Splendors of the Vienna State Opera House
The esteemed Vienna State Opera House is one of the world’s greatest opera houses, renowned for its leading performances, intricate architecture, and rich history. The State Opera House, the Staatsoper in German, boasts the largest repertoire worldwide, hosting at least 300 opera and ballet performances per year (Dearsley, 2021). The opera house can seat up to 2,211 eager viewers and over 110 talented musicians, some of which include the esteemed Vienna Philharmonic Orchestra (Dearsley, 2021).
The State Opera House is home to a musical lineage of over 300 years, with the first-ever Viennese Court Opera performing in 1625 (Dearsley, 2021). Construction on the opera house began in 1861 and took almost 8 years to complete (History of Vienna State Opera, 2010). The opera officially opened to the public in the May of 1869 under the patronage of Empress Elisabeth and Emperor Franz Joseph, and the first opening performance was led by none other than Wolfgang Amadeus Mozart himself (Balint, n.d.). Unfortunately, much of the opera house was destroyed during a World War II bombing in 1945, and reconstruction to its former glory took a decade to complete (Wiener Staatsoper, n.d.). Despite this rough patch in the Staatsoper’s history, Vienna’s beloved opera house has risen to international acclaim over the past century and has hosted history’s most famous opera directors such as Mahler and Strauss (Roller, 2020).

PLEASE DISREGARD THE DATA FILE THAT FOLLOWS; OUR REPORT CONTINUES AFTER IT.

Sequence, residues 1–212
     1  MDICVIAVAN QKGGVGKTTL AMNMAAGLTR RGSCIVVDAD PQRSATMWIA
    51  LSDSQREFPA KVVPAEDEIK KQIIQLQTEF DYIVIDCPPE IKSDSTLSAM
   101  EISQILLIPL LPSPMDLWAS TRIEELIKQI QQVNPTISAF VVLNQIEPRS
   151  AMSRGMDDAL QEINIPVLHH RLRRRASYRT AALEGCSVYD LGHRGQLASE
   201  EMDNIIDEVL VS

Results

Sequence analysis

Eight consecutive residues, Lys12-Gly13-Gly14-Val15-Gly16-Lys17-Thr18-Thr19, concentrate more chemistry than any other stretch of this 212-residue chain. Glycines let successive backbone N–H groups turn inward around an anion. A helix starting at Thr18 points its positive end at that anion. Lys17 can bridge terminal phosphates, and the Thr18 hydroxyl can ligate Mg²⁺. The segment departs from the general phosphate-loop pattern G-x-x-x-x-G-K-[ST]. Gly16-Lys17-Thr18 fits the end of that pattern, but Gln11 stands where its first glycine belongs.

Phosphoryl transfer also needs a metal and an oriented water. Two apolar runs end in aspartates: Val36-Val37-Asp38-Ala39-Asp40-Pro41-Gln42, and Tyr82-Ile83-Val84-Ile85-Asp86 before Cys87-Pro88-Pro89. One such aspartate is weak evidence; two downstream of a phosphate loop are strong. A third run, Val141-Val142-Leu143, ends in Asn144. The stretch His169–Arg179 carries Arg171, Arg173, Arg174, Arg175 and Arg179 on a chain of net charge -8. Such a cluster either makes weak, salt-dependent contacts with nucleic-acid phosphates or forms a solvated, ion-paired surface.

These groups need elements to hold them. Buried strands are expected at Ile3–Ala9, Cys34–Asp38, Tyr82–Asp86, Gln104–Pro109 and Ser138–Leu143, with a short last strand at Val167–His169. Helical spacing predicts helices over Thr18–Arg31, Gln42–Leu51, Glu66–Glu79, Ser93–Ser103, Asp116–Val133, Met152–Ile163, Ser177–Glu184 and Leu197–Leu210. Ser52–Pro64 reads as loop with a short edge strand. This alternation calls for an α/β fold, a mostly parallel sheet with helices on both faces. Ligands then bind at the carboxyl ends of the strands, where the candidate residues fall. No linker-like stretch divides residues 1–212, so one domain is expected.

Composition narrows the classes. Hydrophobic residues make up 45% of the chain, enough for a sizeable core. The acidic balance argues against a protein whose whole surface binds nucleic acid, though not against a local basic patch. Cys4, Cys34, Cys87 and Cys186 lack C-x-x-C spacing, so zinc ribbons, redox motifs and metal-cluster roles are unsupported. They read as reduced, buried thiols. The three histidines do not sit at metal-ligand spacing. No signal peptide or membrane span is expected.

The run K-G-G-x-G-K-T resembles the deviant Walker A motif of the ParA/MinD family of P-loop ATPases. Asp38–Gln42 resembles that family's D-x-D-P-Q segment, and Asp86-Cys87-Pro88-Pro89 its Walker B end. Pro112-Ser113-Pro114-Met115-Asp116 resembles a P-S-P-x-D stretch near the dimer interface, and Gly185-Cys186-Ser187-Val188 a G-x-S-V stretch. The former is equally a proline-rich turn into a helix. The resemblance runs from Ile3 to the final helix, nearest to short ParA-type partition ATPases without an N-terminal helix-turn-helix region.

Opera aside, the building’s ornate architecture and breathtaking interior are sights to see for themselves. The opera house was originally constructed in Neo-Renaissance style and designed by the architects August Sicard von Sicardsburg and Eduard van der Nüll (Wiener Mozart Orchester, n.d.. The elaborate frescos on the veranda and foyer were originally painted by the well-known artist Moritz von Schwind (Wiener Staatsoper, n.d.). At the time of its initial opening, the Vienna State Opera House’s design was surprisingly very unpopular, since it featured a more “austere” exterior rather than the romantic style that was welcomed at the time (Burns, n.d.). Nonetheless, both the exterior and interior of the opera house remain impressive structures of architecture today. Highlights of this exquisite building include the Schwind Foyer which showcases scenes from legendary operas, the elegant Tea Room decorated with silk tapestries, and the mosaic-filled Marble hall constructed of marble from 13 European countries (Burns, n.d.).
Don't miss your chance to attend a performance at this world-class theater on our upcoming European Coastal tour.
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